Last year, the city of Liège renewed their contract with the multinational corporation JCDecaux for the next 15 years. This company is mainly known for their bus-stop advertising systems and billboards. In Liège, the contract covers 1.900 m² of public space with publicities. This new contract was criticized a lot by the inhabitants: non sustainable, unhealthy, unsafe for the road users, ugly infrastructures,… They don’t like it and they are right: for 1€ generated by the advertising, 11.5€ are spent by the collectivity due to the socio-environmental impact. Even the authorities admit it creates some problems. So the question is : how is this business lucrative for the city? Is it worth the sacrifice of the quality of our public space? Well, not really. The contract is estimated to 1.000.000€ / year – without the costs due to urban degradation. It represents less than 0.2% of the annual income and it is the equivalent of a 5€ tax reduction for the citizens.
A drop in the ocean, but the authorities don’t want to get rid of. The main problem is not really the income but the urban furniture provided by JCDecaux: bus-stops, benches, bins, billboards,… An important part of the streets that we consider as ours, as public space, is already the private property of multinational corporations. And we are just allowed to use it, as long as it generates profit. If it is not lucrative enough, JCDecaux will leave as they did in Ottignies in Wallonia. The municipalities rely on the multinational societies and they prefer to “forget” how not interesting is the deal than to find a back-up solution.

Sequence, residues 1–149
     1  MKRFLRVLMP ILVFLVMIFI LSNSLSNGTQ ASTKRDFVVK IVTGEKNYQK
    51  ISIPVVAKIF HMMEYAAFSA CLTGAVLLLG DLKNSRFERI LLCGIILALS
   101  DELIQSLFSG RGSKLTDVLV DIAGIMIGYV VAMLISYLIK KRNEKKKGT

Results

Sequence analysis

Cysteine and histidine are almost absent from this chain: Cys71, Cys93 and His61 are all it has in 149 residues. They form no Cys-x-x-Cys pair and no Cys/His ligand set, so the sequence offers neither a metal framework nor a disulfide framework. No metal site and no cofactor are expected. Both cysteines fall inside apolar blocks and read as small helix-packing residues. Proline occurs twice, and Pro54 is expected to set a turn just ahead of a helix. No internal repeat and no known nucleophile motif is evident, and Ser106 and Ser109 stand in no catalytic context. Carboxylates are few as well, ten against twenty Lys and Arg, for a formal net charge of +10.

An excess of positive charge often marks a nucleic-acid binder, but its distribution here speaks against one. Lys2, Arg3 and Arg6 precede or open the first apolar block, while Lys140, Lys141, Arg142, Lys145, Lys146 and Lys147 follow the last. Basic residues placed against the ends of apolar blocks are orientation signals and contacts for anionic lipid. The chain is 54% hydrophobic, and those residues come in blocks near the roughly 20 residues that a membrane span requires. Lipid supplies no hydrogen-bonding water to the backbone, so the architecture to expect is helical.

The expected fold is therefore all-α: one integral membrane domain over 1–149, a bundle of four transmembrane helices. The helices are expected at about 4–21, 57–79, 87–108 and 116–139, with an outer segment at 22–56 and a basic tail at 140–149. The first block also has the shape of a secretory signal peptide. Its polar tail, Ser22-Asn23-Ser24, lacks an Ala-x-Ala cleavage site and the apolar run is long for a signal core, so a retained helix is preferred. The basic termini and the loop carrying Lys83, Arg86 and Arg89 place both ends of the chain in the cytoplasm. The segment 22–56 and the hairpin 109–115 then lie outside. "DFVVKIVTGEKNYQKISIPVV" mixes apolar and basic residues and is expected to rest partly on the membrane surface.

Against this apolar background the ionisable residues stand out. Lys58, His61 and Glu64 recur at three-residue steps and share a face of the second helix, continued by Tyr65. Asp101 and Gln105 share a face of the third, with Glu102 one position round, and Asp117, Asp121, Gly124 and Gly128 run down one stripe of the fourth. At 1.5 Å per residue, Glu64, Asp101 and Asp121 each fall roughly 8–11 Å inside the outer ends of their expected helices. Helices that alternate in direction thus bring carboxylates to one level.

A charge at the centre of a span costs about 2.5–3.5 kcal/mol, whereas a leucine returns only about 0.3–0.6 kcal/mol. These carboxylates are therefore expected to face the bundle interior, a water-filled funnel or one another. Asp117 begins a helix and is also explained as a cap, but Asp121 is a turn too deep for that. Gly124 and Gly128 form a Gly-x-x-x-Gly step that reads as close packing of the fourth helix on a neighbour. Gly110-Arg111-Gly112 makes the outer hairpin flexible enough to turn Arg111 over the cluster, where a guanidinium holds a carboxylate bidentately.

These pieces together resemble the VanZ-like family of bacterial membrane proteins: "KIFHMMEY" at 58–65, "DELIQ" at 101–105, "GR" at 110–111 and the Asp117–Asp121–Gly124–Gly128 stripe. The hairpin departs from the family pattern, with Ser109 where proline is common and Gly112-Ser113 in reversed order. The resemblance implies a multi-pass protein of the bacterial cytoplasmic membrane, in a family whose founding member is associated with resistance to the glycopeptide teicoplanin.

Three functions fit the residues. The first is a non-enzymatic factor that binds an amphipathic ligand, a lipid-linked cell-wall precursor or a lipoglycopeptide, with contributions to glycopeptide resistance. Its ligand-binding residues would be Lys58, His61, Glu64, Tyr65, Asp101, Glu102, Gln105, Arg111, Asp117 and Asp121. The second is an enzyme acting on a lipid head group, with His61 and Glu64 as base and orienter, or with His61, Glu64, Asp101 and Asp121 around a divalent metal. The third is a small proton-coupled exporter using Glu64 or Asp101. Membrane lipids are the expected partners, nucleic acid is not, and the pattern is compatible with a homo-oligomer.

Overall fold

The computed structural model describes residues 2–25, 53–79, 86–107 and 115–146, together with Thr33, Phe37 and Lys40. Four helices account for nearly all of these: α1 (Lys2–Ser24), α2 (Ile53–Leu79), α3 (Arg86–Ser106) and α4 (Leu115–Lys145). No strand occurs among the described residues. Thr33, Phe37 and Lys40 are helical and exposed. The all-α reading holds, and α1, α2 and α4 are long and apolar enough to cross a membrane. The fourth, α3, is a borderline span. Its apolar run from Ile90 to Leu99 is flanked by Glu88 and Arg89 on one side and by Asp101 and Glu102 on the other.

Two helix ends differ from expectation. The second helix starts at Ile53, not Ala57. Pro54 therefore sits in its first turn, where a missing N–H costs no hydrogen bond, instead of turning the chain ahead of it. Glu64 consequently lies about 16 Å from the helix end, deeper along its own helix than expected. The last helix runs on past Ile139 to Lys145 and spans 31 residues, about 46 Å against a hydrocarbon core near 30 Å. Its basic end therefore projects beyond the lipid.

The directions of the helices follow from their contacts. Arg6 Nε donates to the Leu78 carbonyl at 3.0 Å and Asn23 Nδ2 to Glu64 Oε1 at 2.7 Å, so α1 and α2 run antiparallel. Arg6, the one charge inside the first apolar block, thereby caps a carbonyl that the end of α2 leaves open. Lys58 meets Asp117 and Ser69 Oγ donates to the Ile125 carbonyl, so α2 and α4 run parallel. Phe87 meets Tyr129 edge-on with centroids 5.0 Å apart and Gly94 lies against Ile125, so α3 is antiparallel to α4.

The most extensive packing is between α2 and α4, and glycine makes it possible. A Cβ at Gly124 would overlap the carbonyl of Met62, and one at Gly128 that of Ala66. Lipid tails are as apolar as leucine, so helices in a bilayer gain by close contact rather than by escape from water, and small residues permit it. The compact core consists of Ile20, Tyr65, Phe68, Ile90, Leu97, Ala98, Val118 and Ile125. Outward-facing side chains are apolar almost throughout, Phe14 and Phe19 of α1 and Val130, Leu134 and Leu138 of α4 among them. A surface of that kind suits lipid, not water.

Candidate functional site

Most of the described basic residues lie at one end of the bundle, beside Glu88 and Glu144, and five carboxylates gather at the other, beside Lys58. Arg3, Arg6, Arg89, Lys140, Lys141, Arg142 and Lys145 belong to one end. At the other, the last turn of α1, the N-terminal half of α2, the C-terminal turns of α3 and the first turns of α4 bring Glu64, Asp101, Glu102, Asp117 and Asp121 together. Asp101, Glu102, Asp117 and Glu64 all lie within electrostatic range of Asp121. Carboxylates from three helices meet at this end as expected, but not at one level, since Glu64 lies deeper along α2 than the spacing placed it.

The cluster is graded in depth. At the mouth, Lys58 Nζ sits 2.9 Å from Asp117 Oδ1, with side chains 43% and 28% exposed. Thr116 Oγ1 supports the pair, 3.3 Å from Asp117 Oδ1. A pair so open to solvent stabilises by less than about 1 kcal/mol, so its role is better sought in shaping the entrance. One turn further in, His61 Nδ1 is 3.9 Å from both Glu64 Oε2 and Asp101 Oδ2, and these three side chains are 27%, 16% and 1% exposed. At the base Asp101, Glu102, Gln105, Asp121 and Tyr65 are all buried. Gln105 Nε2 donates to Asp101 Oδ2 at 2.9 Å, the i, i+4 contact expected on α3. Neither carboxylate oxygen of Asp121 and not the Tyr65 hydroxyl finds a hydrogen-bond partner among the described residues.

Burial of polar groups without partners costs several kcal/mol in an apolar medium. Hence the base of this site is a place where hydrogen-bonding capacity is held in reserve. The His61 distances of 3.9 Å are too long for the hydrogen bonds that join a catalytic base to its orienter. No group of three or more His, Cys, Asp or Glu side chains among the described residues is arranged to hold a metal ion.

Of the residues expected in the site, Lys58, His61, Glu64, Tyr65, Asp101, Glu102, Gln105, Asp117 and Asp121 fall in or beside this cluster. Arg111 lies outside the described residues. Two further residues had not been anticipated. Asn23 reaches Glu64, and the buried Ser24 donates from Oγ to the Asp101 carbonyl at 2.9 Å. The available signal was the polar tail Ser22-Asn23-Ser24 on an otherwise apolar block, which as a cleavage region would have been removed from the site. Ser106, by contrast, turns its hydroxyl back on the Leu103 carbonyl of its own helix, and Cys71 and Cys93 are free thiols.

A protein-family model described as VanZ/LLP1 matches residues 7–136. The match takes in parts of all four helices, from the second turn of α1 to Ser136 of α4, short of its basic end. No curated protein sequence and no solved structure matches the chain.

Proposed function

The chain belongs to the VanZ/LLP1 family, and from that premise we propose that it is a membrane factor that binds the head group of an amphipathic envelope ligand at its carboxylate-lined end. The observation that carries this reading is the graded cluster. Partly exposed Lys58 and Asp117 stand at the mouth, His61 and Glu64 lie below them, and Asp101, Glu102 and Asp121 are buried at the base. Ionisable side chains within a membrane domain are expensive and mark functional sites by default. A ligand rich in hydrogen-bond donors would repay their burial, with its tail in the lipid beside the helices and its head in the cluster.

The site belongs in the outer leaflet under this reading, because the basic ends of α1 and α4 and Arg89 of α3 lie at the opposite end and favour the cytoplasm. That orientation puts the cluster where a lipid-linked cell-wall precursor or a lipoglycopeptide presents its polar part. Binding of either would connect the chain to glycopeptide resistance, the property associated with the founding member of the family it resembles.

Facing the lack of effort from the authorities to keep the space common and free, some inhabitants created the group “Liège sans pub” to fight the issue. Their main activity is to recover the commercials by hand-made posters to bring the attention on the architectural heritage under the billboards, or the current social issues around the world such as the Palestine-Israel conflict, the refugees, the gentrification,… Or they just give it back to the citizen as blank space. They also provide “anti-pub kit” to teach how to do civil disobedience in a non-violent and legal way.
“Liège sans pub” is the very logical follow-up of “Picnic the streets” and “Reclaim the steps”: citizens started to re-appropriate the streets, then the urban landmarks, and now the landscape. They watched their feet, then the building in front of them, and now the horizon. Citizens – and authorities – are looking up thanks to these bottom-up initiatives that question the way we organize the city.
And every time, the whole system has to be reconsidered : in this case the urban furniture were renewed “thanks to” the auctioning of the public space, and they are organised to maximise the visibility and the profit of big companies, not to improve the city. The qualities of the public space are hidden under a layer of papers and screens, which inform us about what we don’t have or what we are not. And after the inhabitants ate on the macadam and sat on the staircase, maybe the time has come to bring the rest of the house out to replace the “Coco Chanel bus-stop” by the sofa and the “Coca-Cola bench” by grandad’s rocking chair…
PS : If you worry about the minor economic loss, the city of Grenoble found the solution 4 years ago : you just have to reduce the number of company cars allowed to the representatives.